Why North Korea Gets Away With It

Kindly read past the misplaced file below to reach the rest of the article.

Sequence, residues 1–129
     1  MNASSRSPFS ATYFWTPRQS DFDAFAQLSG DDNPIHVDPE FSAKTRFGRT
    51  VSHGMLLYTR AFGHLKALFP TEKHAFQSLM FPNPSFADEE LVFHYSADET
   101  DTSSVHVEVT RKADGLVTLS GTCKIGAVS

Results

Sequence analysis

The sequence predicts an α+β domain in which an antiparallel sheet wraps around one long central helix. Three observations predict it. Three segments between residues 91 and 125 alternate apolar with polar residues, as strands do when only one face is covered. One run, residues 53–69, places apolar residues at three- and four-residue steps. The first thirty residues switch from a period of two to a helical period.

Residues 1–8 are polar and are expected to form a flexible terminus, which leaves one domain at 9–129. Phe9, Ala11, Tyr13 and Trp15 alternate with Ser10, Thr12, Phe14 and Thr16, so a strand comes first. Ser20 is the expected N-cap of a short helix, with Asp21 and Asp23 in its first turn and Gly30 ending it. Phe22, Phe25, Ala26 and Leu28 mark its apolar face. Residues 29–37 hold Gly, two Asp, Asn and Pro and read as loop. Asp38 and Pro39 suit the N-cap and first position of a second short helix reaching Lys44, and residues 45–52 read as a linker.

U.S.–North Korea relations recently enjoyed 16 optimistic days: between February 29, when Pyongyang signed the “Leap Day” arms control agreement with the United States, and March 16, when it announced plans to conduct the very kind of rocket launch that it had just forsworn. Reacting to the announcement of the satellite launch, which is intended to commemorate the centenary of founding father Kim Il Sung’s birth, U.S. President Barack Obama warned North Korea about the consequences of provocation and called on China to stop “turning a blind eye” to the North Korean nuclear program. The denunciations Obama and others have been making sound like a familiar refrain. “Rules must be binding, violations must be punished, words must mean something,” Obama said in his now-famous Prague speech, in which he condemned North Korea’s April 2009 rocket launch. But the rules aren’t binding, North Korea’s violations aren’t meaningfully punished, words are mostly just words, and China does little.